Normally, with these awful switches, you would use one setting for normal operations (sailing, anchoring, anything not running the engine), the. Switch to both or the other position to start the engine.

Now, what no-one can tell you with any certainty is how your particular boat is wired. Some will charge all batteries when the engine is running, no matter the position of the switch. But most with this type of switch won’t charge a battery by the engine that isn’t selected by the switch.

So if you’ve depleted “2” at anchor, then switch to “1” to start the engine, there is a good chance you’re not charging “2”. Most of these switches will allow you to switch from 1-both-2 with the engine running, with the caveat that you DO NOT PASS THROUGH OFF.

The battery charger may or may not charge the batteries in Off while on shore power. But you’ll need the switch on to one bank or another if you want to use power while the boat is plugged in anyway.
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Old 13-08-2019, 14:41   #10
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Re: Noob questions

First question I would ask is “Do you have some form of battery monitoring system?” If not, it’s probably a good idea to get one.

My philosophy (tempered by what Sailmonkey said re wiring) is to treat my “house bank” as the normal functional electricity source and what most people call the “start bank” as an emergency source. Hence the three-way switch is routinely set to bank 1 even for engine start.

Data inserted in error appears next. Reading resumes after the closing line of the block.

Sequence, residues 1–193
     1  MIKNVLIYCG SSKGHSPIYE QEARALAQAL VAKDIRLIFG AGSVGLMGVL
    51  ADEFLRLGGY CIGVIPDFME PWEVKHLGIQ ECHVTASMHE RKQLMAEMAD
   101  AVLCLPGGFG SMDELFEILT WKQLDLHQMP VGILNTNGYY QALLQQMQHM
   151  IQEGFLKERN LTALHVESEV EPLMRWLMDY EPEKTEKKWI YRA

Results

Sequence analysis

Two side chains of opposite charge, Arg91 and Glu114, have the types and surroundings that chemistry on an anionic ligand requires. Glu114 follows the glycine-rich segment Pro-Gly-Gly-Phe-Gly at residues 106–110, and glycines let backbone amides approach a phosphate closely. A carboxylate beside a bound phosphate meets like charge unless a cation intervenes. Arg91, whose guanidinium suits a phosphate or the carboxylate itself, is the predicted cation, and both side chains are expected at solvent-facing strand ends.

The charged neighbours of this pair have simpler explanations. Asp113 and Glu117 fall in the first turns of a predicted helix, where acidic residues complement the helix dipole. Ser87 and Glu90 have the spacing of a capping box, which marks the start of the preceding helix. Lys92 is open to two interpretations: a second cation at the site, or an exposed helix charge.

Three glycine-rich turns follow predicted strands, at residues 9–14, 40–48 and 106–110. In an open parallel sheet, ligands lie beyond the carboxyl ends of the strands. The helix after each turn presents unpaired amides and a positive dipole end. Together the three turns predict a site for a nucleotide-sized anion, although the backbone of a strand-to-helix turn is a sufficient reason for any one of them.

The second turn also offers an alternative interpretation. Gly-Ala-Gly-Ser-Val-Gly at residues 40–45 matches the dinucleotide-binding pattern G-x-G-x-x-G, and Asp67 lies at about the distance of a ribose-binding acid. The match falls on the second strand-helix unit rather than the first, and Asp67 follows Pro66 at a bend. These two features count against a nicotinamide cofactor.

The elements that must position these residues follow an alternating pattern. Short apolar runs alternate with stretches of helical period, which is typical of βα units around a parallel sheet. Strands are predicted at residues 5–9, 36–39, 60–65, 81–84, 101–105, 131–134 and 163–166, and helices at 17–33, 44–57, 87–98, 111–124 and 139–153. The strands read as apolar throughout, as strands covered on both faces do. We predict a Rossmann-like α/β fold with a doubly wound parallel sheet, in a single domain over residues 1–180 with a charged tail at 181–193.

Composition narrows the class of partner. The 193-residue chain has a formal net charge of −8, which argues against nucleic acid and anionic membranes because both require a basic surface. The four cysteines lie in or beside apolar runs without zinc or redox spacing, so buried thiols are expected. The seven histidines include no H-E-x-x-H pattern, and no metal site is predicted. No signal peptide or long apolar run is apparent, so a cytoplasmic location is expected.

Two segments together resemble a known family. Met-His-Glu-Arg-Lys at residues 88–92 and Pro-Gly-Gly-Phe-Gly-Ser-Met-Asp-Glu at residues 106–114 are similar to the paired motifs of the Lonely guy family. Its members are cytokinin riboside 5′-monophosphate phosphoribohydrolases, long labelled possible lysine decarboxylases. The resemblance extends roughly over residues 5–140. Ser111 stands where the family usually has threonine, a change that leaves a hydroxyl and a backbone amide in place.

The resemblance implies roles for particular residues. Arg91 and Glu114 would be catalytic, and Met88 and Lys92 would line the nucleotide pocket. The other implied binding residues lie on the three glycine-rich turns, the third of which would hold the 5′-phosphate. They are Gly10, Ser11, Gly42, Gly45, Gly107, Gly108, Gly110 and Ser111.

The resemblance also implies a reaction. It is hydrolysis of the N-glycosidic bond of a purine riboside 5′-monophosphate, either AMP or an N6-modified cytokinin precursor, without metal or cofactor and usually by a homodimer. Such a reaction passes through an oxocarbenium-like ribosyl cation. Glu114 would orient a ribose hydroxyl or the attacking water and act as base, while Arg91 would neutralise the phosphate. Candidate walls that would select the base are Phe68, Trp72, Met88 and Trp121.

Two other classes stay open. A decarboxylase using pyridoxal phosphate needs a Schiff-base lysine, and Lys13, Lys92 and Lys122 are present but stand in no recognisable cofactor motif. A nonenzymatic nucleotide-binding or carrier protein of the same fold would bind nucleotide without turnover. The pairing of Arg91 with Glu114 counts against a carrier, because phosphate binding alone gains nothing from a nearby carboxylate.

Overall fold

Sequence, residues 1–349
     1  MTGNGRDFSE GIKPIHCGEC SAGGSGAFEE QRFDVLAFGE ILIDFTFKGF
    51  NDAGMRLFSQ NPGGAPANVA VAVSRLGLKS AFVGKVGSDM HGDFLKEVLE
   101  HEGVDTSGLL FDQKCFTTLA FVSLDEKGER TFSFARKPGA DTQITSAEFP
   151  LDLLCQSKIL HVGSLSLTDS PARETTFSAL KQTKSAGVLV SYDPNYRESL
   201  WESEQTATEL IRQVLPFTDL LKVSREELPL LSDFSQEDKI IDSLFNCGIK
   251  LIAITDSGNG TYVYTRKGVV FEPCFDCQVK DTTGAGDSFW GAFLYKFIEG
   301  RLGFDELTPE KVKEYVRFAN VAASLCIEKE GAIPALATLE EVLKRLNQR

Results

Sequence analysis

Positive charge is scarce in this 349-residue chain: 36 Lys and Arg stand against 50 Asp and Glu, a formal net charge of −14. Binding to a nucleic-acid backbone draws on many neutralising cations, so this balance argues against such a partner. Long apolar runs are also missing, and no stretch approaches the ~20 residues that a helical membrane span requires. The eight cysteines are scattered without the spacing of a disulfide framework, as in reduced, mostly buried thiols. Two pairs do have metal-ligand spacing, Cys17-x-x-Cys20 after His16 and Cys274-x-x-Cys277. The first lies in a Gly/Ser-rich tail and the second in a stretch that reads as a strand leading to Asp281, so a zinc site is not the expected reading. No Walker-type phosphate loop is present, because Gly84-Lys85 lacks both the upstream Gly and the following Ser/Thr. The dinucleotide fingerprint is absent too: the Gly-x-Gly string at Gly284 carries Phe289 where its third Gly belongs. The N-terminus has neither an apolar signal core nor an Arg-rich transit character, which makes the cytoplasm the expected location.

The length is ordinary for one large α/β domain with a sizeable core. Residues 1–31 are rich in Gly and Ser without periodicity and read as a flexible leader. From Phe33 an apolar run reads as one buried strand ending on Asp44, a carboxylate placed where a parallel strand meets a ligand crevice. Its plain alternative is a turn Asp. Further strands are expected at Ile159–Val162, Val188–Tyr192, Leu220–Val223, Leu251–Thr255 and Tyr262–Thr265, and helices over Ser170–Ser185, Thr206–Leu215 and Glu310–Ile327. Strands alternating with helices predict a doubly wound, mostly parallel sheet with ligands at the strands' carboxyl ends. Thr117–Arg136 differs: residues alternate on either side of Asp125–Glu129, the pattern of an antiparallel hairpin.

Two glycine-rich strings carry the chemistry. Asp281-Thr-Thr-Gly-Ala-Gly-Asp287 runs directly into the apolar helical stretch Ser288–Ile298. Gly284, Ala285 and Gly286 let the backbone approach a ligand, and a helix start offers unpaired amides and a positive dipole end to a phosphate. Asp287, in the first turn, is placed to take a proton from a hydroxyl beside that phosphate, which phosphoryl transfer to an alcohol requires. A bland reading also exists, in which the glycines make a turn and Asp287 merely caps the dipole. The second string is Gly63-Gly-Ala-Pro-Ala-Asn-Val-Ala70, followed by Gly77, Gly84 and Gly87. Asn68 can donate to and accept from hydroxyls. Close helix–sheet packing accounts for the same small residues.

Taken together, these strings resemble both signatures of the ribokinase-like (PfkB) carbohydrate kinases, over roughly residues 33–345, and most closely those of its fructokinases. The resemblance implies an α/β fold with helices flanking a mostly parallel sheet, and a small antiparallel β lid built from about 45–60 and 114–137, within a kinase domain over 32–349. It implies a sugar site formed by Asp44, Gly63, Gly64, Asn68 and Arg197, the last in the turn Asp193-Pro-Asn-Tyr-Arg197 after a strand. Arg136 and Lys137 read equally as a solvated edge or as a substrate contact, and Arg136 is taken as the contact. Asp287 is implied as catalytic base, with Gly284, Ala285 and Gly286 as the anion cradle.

I only switch to bank 2 if there is insufficient charge to do what is required including engine start. But the switch is rarely left on bank 2. To give the emergency bank some activity (stop sulphation, etc.) it runs my anchor winch as well.

As far as charging goes, that’s a complete moving target and many boats have methods idiosyncratic of the owner’s thinking. I have 3 alternators on my boat. I have two connected to the house bank (with switched fields) and one dedicated to the emergency bank. My passives (solar and wind gen) feed directly to the house bank and if the emergency bank needs a little help, I combine the banks with an “all” setting on the 3-way switch.

@ Sailmonkey - why “these awful switches”? I have used them without any adverse issues for decades. Do you have one of those “awful” multiple-isolators setups where you need to switch this off, switch that on, switch them all on/off?
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Old 13-08-2019, 14:49   #11
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Re: Noob questions

Quote:
Originally Posted by disciplefk View Post
- I have raymarine and garmin units that have been showing me pretty shallow depths (2-3 ft). However I have a draft of 4.6ft.
It's as other have said, unless you adjust the settings the depth gauge just reads the distance from it to the bottom. My boat drafts 6'4" and goes aground when the gauge says 4.5' (everyone should go find a soft place to ground on during a rising tide and find out what their gauge reads)